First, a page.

Playwright: Jean Giraudoux
At: The Artistic Home,
1420 W. Irving Park Rd.
Phone: ( 773 ) 404-1100; $20-$22
Runs through: Dec. 4
You could freeze-frame any moment in this production and have yourself an illustration in a children's book—the highly detailed kind, replete with agitated lineaments, vivid colors, and little surprises tucked away in the corners. And you could superimpose any of the actors' facial expressions onto the animated characters in an early Disney feature. And if this renders the onstage action too busy or fast-paced for audiences with slow attention-spans, it is also precisely what makes it so charming.
The premise of Jean Giraudoux' posthumous play, translated into English in 1948 by Maurice Valency, is a straightforward post-WW II caveat—corporate greedheads are bent on destroying the quiet neighborhoods of Paris by drilling for oil beneath historical sites dating back centuries. But what could have been a ponderous discourse on environmentalist issues is quickly rendered whimsical by the author's selection of four daffy old ladies as the rescuers of the ancient city, assisted by the boulevarderie—bartenders, waitresses, buskers, scavengers, foot-patrol gendarmes and tradesmen.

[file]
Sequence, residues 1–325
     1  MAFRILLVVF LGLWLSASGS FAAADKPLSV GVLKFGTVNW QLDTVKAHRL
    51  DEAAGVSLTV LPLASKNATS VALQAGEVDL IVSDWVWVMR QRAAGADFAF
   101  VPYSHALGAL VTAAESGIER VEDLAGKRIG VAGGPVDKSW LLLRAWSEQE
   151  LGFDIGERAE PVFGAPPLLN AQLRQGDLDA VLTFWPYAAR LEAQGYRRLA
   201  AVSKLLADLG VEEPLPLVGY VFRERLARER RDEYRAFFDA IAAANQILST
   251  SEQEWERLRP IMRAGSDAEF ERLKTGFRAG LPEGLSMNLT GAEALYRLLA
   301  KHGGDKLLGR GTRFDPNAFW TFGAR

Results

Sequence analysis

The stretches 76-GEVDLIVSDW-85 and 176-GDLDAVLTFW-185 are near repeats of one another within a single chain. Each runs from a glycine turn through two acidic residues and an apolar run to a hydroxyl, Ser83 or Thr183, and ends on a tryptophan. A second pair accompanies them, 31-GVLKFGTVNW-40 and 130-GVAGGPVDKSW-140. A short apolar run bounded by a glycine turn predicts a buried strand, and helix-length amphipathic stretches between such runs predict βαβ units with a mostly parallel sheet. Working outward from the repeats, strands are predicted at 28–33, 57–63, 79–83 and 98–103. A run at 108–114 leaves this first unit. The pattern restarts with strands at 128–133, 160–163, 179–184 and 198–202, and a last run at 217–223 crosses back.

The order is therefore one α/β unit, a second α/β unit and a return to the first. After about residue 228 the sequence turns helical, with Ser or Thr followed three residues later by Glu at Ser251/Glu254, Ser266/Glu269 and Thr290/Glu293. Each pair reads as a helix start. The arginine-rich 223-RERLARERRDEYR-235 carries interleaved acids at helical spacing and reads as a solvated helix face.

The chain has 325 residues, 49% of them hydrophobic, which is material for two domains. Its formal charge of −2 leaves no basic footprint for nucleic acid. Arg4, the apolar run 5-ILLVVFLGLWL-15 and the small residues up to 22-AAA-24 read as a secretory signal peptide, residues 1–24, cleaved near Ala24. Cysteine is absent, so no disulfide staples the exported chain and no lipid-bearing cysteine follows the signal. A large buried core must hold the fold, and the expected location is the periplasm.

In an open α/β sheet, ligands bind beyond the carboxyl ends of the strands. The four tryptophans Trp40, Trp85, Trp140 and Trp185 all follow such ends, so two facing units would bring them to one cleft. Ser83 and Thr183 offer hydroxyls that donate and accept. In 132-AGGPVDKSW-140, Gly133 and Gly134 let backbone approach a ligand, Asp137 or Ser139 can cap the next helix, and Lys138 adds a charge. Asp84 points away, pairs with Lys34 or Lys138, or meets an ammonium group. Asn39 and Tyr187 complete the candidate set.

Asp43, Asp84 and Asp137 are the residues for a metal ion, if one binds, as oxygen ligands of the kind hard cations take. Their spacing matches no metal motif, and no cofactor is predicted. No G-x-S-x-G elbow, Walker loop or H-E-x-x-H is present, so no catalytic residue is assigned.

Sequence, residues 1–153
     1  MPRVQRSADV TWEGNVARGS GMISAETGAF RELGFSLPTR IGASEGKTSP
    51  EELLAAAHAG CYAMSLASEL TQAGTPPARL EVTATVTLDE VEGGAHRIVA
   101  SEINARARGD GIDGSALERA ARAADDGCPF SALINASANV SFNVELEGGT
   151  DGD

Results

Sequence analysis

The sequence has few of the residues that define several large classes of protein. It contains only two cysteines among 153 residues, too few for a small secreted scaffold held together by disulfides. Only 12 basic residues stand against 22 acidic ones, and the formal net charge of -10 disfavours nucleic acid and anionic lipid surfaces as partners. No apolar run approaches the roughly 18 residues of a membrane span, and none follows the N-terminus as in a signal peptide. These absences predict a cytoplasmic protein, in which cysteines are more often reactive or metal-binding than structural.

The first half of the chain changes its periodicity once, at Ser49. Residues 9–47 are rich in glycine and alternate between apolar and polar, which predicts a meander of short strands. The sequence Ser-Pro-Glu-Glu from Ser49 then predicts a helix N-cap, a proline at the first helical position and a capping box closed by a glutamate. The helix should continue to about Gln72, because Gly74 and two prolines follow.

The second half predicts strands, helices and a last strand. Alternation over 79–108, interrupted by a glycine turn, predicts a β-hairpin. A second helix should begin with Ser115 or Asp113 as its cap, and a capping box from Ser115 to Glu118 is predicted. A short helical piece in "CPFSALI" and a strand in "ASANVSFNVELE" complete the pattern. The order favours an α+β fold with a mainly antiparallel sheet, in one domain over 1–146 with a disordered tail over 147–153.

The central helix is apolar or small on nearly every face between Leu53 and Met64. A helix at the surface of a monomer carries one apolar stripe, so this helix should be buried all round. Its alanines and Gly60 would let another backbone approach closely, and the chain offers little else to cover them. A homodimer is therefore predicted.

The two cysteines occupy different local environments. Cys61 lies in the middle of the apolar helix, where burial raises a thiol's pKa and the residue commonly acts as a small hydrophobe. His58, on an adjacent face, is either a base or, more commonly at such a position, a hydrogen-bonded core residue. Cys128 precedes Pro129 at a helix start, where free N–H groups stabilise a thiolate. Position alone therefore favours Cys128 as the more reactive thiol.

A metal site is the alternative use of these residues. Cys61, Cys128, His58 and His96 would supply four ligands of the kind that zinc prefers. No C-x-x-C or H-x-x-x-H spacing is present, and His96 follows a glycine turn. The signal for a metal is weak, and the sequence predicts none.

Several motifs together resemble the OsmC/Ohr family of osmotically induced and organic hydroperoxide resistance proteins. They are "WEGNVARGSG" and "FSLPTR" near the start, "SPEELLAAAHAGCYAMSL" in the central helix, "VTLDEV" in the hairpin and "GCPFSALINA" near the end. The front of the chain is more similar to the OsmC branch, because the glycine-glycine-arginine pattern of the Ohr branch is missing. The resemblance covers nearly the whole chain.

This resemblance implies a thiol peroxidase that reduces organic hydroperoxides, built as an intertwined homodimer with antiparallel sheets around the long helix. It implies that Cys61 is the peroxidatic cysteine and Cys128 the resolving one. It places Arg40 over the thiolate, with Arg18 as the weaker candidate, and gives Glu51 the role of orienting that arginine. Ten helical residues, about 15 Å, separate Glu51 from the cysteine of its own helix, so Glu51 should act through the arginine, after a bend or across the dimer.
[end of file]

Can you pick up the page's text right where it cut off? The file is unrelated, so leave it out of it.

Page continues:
Their scheme to repel the threat of faceless industrial devastation is enlivened by the playfully paradoxical logic of heroines who talk to imaginary dogs and former lovers, as well as playful touches introduced by director Kathy Scambiatterra—a flirtatious sewer-steward, for example, or a financial baron so egotistical that he bows and preens to applause rightfully earned by the nearby street-juggler.
As the goddess-protector of Chaillot, Gillian Kelly dominates the stage with the dignity of a parade float, flanked by the jolly trio of Miranda Zola, Susan Burke, and Tera Dunlap—respectively, the petulant Madwoman of Passy, the flighty Madwoman of St. Sulpice, and the bluestocking Madwoman of La Concorde—dressed in gowns so foamy with froufrou that you wish the wearers were bigger so costume designer Elizabeth Ann McKnight could festoon them with more of it.
In accordance with the ensemble of multiple-skilled players that are The Artistic Home's trademark—in particular, Eustace Allen in a Harpo Marx silent turn and Ed Krystosek as a philosophical Ragpicker—James Treacy's scenic design all but shimmers with giddy delight. And try NOT to bounce in your seat to the infectious rhythms of Aaron Krister Johnson's mazurka-driven incidental music.